From Kilmarnock, now in Melbourne :-)

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Thank you everyone for your advice. In answer to your questions, after asking around, we have signed on with a reputable agency, techs on the move, we realized pretty quickly some of the agency's out there do not have anybody but their own interests at heart.

 

We knew this particular visa came with restrictions, having a couple of friends who had gone over, both with different circumstances, ages, areas, family situations and year of migration, only thing in common is the motor trade.

 

My husband is 44, I am 10 years younger and although my occupation of medical administrator is mentioned somewhere its not a qualifier and isn't quite the equivalent of what my current job entails and its actually just the two of us, we don't have kids.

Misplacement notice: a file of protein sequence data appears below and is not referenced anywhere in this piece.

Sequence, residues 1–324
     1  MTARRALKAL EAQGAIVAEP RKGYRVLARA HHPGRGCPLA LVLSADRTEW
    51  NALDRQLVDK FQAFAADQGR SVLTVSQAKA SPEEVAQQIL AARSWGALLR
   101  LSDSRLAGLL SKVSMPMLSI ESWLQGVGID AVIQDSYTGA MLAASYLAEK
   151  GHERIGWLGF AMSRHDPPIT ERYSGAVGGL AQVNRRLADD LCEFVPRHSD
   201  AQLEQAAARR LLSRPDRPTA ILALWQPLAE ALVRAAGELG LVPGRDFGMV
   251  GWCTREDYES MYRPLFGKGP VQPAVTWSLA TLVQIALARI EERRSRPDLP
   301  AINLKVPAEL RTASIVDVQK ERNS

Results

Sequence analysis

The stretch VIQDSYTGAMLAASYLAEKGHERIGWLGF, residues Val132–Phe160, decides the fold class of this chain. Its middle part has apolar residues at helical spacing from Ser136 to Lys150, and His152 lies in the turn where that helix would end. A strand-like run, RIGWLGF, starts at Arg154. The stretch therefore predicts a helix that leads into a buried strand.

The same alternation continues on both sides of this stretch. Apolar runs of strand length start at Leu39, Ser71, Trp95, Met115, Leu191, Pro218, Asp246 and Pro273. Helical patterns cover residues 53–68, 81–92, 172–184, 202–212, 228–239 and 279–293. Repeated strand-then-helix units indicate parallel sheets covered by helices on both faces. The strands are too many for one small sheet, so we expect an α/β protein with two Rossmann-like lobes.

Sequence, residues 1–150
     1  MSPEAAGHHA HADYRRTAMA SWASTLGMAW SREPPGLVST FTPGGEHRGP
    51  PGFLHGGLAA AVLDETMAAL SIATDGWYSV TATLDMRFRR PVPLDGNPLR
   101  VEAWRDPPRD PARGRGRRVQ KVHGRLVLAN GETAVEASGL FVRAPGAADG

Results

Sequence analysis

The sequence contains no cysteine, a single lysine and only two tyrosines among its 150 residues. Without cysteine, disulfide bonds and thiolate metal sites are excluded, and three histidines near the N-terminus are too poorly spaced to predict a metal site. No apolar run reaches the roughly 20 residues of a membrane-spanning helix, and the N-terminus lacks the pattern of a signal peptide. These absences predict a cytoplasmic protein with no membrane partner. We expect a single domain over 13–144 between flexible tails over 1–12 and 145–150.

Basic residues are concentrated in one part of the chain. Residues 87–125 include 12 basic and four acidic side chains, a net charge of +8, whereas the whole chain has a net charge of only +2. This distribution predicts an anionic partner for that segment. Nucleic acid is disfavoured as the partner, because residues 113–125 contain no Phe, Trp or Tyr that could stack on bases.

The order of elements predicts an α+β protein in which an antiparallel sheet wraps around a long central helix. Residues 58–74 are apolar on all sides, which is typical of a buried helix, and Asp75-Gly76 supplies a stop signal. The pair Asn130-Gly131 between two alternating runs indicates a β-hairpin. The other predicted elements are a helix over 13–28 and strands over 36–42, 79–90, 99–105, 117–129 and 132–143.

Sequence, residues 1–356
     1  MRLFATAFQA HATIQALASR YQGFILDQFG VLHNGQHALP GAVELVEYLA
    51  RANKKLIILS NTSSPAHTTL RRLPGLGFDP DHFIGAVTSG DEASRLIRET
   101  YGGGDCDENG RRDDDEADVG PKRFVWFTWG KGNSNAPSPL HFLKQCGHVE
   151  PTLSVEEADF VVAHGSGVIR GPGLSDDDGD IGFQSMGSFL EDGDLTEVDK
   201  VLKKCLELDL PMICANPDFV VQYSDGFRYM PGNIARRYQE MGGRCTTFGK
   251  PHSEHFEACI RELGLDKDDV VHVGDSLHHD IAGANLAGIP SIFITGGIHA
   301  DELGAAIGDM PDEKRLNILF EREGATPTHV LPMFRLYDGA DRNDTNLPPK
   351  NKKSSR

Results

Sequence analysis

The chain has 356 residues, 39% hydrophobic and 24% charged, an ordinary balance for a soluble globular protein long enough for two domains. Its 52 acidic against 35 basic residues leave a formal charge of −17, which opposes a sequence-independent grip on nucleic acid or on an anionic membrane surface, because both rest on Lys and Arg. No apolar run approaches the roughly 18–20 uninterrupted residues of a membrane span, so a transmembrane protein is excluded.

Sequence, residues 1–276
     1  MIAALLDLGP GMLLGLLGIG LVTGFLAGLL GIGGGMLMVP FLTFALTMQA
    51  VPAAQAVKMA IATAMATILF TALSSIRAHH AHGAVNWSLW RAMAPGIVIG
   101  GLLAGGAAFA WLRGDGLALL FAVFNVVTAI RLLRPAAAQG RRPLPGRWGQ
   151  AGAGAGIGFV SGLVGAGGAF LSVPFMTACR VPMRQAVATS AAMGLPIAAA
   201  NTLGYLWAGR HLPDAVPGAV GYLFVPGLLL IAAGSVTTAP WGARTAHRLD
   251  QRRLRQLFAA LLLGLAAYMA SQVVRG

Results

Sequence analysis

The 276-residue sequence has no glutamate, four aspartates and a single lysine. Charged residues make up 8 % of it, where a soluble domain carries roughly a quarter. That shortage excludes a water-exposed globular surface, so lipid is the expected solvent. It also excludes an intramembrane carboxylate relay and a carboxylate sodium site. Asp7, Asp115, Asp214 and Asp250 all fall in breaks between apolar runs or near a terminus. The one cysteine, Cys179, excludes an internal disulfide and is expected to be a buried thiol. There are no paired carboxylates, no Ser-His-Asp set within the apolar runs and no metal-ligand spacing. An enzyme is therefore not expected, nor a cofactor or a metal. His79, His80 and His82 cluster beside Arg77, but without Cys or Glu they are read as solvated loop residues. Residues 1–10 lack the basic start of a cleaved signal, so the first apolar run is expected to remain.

Thank you for the information VERYSTORMY, the agency have said to my husband with his skills and experience they are pretty confident they will find him something in an area we would both be happy to settle in and have been talking to a few dealerships, I wasn't aware of the permanent residency situation. I thought you could only apply after 2 years, are you able to negotiate this earlier with the employer? How does that work?

 

We are also not been leaving everything to the agency and have been actively looking ourselves for employers out there willing to sponsor. We have discussed the possibility of alternative visa's with the agency but at this present moment in time until we know the outcome of current negations are holding back.

 

Unfortunately the timing to move forward hasn't been right until now, maybe it is too late and we have missed our window however we have had to deal with some personal circumstances which where more important to overcome first.